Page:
This week, a batch of documents released by Wikileaks struck an Orwellian tone, purportedly outlining the methods by which the Central Intelligence Agency can hack televisions, cellphones and other consumer electronics and co-opt them into instruments of spycraft. One consumer product mentioned: Our cars.

Wikileaks' most outrageous assertion was that CIA operatives could remotely assume control of a car to trigger a crash, offering a means, Wikipedia claims, of "nearly undetectable assassinations."

The Washington Post today does a nice job of rounding up what the unconfirmed, leaked documents dubbed "Vault 7" say or don't say about hacking cars and what the real risks are. The CIA, which hardly has cornered the market on hacking the internet of things, reportedly has studied the means of infiltrating vehicle control systems, though assassinations are not actually mentioned. The more likely scenario: Vehicle infotainment systems could be tapped for the purposes of eavesdropping, much as the documents describe the ability to listen to conversations via the TV in the living room.

Fears of being hacked have been around ever since our cars became rolling computers, and as the Post points out, they are not unfounded. Reports of car thieves using laptops to steal cars have been kicking around for years, and white-hat research into hacking cars goes back at least to a 2010 study at the University of Washington. The biggest real-world example surfaced last year when a pair of hackers in Houston were accused of using FCA software on a laptop to steal vehicles, mostly Jeeps, that were spirited away across the Mexican border. Possibly 100 vehicles were stolen this way.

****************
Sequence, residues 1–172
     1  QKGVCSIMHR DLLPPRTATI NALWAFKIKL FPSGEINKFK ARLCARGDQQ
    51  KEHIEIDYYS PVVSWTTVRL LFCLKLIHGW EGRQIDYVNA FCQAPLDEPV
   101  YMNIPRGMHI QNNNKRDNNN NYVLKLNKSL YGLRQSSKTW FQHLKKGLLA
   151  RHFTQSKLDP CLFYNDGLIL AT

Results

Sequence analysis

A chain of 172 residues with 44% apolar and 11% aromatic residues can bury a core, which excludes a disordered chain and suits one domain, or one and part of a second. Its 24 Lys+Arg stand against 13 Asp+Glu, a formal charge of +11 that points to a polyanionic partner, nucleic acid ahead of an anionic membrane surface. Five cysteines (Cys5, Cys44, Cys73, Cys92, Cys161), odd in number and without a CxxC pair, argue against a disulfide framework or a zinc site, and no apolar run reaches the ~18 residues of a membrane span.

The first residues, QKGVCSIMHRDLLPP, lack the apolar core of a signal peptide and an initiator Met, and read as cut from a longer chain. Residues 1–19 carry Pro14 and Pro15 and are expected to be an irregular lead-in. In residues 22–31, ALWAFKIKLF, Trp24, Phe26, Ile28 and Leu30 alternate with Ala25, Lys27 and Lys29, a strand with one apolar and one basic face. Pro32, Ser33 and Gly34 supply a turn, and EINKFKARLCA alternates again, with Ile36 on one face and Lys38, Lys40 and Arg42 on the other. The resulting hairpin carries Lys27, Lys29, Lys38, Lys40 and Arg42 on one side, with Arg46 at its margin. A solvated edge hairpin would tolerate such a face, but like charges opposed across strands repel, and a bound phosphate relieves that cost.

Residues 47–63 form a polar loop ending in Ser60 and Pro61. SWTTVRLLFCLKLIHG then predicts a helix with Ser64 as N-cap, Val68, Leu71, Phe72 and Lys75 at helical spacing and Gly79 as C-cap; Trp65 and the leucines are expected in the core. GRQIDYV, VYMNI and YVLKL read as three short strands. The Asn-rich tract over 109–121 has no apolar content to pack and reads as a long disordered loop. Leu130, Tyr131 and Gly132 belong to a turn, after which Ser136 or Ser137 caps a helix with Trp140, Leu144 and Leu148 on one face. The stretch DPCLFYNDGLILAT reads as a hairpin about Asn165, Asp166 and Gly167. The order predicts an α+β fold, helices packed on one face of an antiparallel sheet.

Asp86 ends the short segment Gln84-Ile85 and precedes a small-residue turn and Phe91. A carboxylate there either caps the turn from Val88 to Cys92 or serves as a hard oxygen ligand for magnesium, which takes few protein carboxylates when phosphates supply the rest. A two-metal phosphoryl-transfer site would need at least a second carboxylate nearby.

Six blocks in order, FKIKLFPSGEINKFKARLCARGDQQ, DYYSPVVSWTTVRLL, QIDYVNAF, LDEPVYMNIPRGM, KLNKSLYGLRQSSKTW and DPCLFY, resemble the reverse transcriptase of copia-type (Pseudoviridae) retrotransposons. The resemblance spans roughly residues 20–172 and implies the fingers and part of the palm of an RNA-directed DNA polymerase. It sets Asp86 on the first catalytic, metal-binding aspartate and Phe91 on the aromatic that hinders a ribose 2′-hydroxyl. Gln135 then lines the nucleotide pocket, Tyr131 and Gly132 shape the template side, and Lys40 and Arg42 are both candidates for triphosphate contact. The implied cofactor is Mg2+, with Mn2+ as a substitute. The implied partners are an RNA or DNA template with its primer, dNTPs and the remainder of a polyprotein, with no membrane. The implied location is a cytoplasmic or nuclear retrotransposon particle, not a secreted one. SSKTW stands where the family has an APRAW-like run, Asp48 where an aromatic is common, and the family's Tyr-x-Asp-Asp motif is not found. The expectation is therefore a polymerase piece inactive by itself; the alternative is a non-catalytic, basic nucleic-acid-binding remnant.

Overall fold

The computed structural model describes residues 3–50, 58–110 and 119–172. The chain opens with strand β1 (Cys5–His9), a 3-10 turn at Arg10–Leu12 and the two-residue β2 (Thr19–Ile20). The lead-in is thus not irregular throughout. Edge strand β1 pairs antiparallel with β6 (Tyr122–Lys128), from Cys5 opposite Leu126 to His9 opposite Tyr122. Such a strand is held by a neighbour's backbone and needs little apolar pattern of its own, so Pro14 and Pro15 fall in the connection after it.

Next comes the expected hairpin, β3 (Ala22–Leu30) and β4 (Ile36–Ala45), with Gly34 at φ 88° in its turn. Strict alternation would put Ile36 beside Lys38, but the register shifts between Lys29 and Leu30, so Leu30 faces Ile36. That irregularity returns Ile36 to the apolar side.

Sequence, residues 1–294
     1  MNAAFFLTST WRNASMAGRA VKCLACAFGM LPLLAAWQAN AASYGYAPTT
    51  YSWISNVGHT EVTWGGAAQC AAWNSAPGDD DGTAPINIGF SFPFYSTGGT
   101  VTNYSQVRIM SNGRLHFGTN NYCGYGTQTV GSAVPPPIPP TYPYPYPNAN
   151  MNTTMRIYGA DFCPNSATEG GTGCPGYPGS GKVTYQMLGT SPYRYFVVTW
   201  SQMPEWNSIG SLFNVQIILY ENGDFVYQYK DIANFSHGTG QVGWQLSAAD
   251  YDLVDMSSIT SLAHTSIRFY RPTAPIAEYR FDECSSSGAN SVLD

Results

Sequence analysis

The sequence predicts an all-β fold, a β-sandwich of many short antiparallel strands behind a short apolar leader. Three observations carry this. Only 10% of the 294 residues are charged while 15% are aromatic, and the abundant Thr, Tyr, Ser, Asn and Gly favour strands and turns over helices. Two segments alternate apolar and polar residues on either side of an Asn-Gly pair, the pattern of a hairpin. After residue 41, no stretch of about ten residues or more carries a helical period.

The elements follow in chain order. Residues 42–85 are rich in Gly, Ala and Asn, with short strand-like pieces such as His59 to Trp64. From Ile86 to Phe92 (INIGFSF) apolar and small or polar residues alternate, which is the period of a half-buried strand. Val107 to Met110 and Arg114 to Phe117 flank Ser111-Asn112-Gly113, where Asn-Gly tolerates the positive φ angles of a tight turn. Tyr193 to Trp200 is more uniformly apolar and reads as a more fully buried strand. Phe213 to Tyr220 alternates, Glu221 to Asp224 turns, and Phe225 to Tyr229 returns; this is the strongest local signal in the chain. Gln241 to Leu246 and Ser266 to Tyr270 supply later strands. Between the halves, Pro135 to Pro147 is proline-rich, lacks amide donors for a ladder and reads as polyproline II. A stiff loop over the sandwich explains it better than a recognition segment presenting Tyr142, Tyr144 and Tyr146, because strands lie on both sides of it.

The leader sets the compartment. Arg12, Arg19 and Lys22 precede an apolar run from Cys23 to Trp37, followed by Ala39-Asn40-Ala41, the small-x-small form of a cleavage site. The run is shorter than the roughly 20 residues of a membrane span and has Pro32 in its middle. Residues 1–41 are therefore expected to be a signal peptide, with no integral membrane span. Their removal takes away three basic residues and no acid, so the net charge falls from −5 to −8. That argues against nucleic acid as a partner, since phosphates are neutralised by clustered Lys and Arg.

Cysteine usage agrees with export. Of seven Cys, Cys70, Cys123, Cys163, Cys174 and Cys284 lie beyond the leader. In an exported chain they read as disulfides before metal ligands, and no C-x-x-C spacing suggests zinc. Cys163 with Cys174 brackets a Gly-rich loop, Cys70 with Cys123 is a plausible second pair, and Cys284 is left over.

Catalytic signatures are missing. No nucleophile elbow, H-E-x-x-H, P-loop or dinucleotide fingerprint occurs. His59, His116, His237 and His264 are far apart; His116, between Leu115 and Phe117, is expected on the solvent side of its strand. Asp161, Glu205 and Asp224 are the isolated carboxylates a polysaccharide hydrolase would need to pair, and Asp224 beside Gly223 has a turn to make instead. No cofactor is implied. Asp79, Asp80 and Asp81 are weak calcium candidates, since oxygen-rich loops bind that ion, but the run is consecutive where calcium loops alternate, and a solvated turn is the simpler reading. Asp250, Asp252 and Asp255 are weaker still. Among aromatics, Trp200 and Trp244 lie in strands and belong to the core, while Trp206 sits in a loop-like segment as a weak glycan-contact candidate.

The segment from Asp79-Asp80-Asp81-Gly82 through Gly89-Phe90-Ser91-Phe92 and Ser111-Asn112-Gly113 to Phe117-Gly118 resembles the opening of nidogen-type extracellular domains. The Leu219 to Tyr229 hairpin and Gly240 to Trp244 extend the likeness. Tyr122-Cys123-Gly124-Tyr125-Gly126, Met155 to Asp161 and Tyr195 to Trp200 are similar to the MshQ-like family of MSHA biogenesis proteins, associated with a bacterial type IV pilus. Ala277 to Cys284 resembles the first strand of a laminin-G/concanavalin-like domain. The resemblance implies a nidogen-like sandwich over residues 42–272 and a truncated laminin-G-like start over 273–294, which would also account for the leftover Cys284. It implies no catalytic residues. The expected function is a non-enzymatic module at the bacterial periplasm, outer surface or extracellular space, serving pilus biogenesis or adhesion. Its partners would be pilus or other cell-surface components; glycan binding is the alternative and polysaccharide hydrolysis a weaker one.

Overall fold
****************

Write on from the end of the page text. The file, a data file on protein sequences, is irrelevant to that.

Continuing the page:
And the more connected you are, the more vulnerable you are, as Nissan discovered when it had to suspend its Leaf smartphone app for a time. Ditto for GM's OnStar app, which got some notoriety when the Defense Advanced Research Projects Agency (DARPA) used the app to hack a Chevy Impala for 60 MInutes.

The idea of remotely hijacking control of a vehicle is not so farfetched, as proven in 2015 when cyber-security researchers Chris Valasek and Charlie Miller said they accessed critical vehicle controls on a 2014 Jeep Cherokee via the infotainment system. This allowed the pair, without physical access to the vehicle, to remotely disable the brakes, turn the radio volume up, engage the windshield wipers, and tamper with the transmission. Further, their experiments allowed them to conduct surveillance on the Jeep, measuring its speed and tracking its whereabouts. The hack prompted Fiat Chrysler to recall 1.4 million vehicles.

And even the specter of remote-control vehicular assassination is not new. Wikileaks this week reiterated unsubstantiated claims that hacking was behind the death of journalist Michael Hastings, whose Mercedes struck a tree in Los Angeles in 2013 and burst into flames - the crash was at such high speed, the car's engine was ejected dozens of yards. Hastings, whose work included "The Runaway General," the 2010 Rolling Stone profile that cost U.S. Army Gen. Stanley McChrystal his job, had reportedly told a friend before the crash that he was "onto a big story." His death has generated numerous conspiracy theories, fueled in no small measure when former U.S. counterterrorism official Richard Clarke said the crash was consistent with a car cyber attack."

Assassination claims aside, today's Post article does a nice job assessing what real risks we might face with our cars' systems. (Presumably pretty low if we are not, say, international terrorists.) And it concludes by answering the question of what we can do about any of this. Which is: Not much.

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